State Rep. Kevin Boyle said that among the questions and gripes he has heard about property reassessments were complaints from residents who feel the city has undervalued their homes.
His remarks at the Greater Bustleon Civic League meeting on Feb. 27 raised a few eyebrows in the audience.
Boyle, the 172nd district Democrat, said those who were concerned about underassessments — homes whose values were set lower than the going market rates in their neighborhoods — were afraid the figures would affect the prices they could get for their homes if they sold them.
Boyle said he told those residents not to be concerned about that and warned them they might see tax increases if they appealed their new assessments.
The next day, City Councilman Brian O’Neill (R-10th dist.) said not everything should be appealed.
“There are times to complain and times not to complain,” O’Neill said.
A few days after Actual Value Initiative property reassessments were mailed on Feb. 15, many city and state public officials started hearing from their constituents. Boyle said his office had fielded 68 calls about AVI as of March 27 .
People are confused, concerned or confounded. There’s been a lot of explaining to do.
“We have been getting numerous inquiries in regards to the assessments,” state Rep. Ed Neilson (D-169th dist.) said in a Feb. 28 e-mail to the Northeast Times. “Most in my district felt that is was a fair assessment, after a detailed explanation of what the number actually represents.”
These new values will be used in figuring 2014 city real estate taxes. The reassessment is just part of the equation. After Mayor Michael Nutter introduces a budget this spring, City Council will figure out a tax rate and whether any kind of tax relief will be offered.
City Controller Alan Butkovitz and Council members recently have said they expect Northeast Philly to see reductions or small increases. Big tax hikes are expected in South Philly, parts of North Philly and in and around Center City.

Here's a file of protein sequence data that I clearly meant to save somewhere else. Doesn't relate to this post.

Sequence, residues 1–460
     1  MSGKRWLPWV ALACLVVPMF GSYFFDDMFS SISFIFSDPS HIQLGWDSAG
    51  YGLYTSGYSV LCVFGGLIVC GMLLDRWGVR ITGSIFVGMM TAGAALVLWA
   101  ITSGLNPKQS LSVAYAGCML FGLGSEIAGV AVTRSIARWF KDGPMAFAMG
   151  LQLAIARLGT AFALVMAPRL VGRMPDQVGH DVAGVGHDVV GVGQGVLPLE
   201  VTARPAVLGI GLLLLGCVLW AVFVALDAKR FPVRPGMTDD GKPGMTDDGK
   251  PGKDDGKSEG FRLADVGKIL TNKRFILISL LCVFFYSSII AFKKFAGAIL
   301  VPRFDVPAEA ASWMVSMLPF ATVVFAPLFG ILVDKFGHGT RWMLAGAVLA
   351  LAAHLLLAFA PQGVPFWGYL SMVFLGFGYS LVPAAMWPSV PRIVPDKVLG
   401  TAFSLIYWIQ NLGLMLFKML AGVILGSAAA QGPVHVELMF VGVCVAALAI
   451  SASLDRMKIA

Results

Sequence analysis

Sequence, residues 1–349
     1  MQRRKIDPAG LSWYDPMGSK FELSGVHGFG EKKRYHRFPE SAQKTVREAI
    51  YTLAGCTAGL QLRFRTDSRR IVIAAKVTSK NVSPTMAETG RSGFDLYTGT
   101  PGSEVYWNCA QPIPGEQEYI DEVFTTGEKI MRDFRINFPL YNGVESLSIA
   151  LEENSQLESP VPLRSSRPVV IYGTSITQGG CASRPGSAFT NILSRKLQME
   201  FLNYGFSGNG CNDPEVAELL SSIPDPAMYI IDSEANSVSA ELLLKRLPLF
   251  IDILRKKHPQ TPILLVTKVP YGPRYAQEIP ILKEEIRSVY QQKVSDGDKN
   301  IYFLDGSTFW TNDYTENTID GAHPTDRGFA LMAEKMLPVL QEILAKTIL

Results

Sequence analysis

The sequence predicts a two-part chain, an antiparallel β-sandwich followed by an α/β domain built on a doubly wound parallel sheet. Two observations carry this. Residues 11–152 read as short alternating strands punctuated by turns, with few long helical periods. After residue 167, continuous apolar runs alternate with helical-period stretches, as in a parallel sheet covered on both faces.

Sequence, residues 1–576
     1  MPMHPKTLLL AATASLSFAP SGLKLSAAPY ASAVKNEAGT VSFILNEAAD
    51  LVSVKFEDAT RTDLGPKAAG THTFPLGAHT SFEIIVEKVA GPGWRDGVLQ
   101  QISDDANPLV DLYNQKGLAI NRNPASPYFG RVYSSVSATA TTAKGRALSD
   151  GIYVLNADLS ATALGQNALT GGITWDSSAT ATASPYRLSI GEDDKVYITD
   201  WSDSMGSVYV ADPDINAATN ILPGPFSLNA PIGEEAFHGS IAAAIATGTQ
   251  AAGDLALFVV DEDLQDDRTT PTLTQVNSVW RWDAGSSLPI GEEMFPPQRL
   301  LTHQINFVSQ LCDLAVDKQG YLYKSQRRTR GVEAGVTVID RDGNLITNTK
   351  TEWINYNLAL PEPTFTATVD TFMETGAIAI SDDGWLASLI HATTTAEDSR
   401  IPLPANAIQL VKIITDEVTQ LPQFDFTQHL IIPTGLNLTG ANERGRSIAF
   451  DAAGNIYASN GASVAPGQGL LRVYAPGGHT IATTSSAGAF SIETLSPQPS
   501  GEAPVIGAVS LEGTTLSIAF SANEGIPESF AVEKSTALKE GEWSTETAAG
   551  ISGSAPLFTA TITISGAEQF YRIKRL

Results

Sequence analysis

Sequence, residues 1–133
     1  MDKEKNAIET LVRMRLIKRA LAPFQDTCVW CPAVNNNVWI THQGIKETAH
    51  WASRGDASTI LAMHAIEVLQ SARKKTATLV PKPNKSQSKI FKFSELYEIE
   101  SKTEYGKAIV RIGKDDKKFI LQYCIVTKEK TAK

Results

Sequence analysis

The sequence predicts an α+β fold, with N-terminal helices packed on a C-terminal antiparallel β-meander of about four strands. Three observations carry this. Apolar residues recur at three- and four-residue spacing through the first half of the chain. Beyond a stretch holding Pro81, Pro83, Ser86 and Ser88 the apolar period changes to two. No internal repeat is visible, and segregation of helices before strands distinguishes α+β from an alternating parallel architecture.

City Councilman Mark Squilla (D-1st dist.) wants to ease the burden for people whose taxes are likely to go up by spreading tax increases over four years. On Feb. 27, he introduced a bill to accomplish that.
If his measure is passed, residents who are facing huge tax hikes could subtract their 2013 taxes from their projected 2014 taxes and multiply that difference by 25 percent. They’d add that sum to their 2013 tax figures to get their 2014 taxes. The percentage multiplier would increase to 33 percent in 2015 and to 50 percent in 2016. In 2017, there would no longer be a tax break.
“It mitigates a little bit,” the councilman said in phone interview on Feb. 28.
There’s a flip side to Squilla’s proposal that residents expecting tax decreases might not like. Just as tax increases would ease in over four years, tax decreases wouldn’t come all at once either.
If Squilla’s bill is passed, a $100 tax dip might be $25 in 2014 and wouldn’t be the full $100 decrease until 2017.
Squilla, who took on volunteers to answer all the AVI questions his office was getting, believes reassessment will take three to four years to iron out.
“I see it as a process,” he said. “It’s something that’s going to take several years to get right.” ••
Reporter John Loftus can be reached at 215-354-3110 or email@example.com